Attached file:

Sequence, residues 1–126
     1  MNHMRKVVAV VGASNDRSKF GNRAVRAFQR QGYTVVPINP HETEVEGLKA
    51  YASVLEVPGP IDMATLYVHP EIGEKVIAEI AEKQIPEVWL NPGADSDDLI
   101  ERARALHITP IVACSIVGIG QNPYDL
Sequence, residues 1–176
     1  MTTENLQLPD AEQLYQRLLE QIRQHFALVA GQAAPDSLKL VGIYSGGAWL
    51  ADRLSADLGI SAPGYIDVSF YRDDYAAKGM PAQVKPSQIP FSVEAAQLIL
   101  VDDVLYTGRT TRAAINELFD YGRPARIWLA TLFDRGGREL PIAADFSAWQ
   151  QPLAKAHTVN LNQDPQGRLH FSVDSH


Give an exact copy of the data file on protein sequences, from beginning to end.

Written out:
Sequence, residues 1–126
     1  MNHMRKVVAV VGASNDRSKF GNRAVRAFQR QGYTVVPINP HETEVEGLKA
    51  YASVLEVPGP IDMATLYVHP EIGEKVIAEI AEKQIPEVWL NPGADSDDLI
   101  ERARALHITP IVACSIVGIG QNPYDL
Sequence, residues 1–176
     1  MTTENLQLPD AEQLYQRLLE QIRQHFALVA GQAAPDSLKL VGIYSGGAWL
    51  ADRLSADLGI SAPGYIDVSF YRDDYAAKGM PAQVKPSQIP FSVEAAQLIL
   101  VDDVLYTGRT TRAAINELFD YGRPARIWLA TLFDRGGREL PIAADFSAWQ
   151  QPLAKAHTVN LNQDPQGRLH FSVDSH